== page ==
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Insights into Editorial: Working women too, with a dream of good childcare



The theme for International Women’s Day 2022 (March 8) is ‘gender equality today for a sustainable tomorrow’.


Formal sector working women benefits:

  1. India is ahead of many advanced nations in instituting maternal health benefits, and its statutory maternity leave is among the global top three.
  2. The Maternity Benefit (Amendment) Act, 2017 more than doubled the duration of paid maternity leave for women employees to 26 weeks, proposing an option to work from home after this period, on mutual agreement with the employer, and made crèche facilities mandatory for establishments employing 50 or more women.
  3. However, these benefits are mostly enjoyed by formal sector women workers, constituting less than 5% of the women workforce.
  4. Another ILO study, in 2016, pointed out that a lack of access to quality childcare services forces women workers to leave the labour force, ceasing their earning, and exposing themselves to discriminatory employment practices, and to significant economic and health risks.
  5. India has paid less attention to address concerns around childcare support for informal women workers.
  6. Here are three ways to enable women to take up more productive paid work and improve their maternal and child health outcomes: extending the Integrated Child Development Services (ICDS) infrastructure; revitalising national crèche schemes, and improving maternity benefits.


Informal work affects maternal, neonatal, and child health:

However, gender equality is still a far cry for India’s female informal workforce.

According to a 2018 study by the International Labour Organization (ILO), more than 95% of India’s working women are informal workers who work in labour-intensive, low-paying, highly precarious jobs/conditions, and with no social protection.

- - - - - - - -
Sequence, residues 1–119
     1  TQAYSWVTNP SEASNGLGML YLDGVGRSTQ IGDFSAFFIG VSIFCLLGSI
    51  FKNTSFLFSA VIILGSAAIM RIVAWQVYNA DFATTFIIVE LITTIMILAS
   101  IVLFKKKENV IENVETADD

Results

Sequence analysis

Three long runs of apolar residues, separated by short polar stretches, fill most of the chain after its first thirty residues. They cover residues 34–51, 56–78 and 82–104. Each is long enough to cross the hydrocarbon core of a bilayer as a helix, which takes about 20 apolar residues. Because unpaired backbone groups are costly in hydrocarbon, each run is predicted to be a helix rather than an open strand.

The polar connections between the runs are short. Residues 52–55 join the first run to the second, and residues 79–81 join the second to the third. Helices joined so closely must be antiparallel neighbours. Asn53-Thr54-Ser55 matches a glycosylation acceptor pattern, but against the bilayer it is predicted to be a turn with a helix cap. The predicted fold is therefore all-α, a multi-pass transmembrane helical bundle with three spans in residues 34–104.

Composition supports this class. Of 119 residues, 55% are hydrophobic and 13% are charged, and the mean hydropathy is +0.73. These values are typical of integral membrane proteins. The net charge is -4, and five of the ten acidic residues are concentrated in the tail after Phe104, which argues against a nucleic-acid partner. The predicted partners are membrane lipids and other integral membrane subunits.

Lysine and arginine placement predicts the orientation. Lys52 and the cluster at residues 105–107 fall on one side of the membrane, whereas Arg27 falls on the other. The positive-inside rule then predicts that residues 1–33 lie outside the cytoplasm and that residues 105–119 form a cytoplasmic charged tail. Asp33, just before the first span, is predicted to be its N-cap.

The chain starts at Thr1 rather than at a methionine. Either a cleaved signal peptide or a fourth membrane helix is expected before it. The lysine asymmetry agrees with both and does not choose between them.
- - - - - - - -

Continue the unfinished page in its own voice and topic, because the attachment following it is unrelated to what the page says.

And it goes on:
Informal Women Workers:

A World Health Organization bulletin says that “women’s informal work is central to the feminisation of poverty”.

However, we know little about how informal work affects maternal, neonatal, and child health, with the lack of childcare solutions being a serious concern.


Need of the hour: Expansion of the ICDS:

The primary mandate of the Anganwadi centres under the ICDS is to provide maternal and child nutritional security, a clean and safe environment, and early childhood education, thus facilitating the ability of women to re-enter work post-childbirth.

However, it has two major limitations.

  1. First, it does not cater to children under the age of three.
  2. Second, it functions only for a few hours a day, making it inconvenient to send and pick up children during work hours or avail take-home rations provided to pregnant women and households with younger children.

Early intake of children in the Anganwadi centres can have dual benefits — allow mothers time for paid work and converge with the National Education Policy 2020 mandate that acknowledges quality Early Childhood Care and Education for children in the 0-6 age group.

Extending the hours of Anganwadi centres can also address time constraints for working women.

However, these expansions would also require expanding the care worker infrastructure, especially the Anganwadi worker and helper, who are already overburdened and underpaid.


Revitalize the crèche scheme: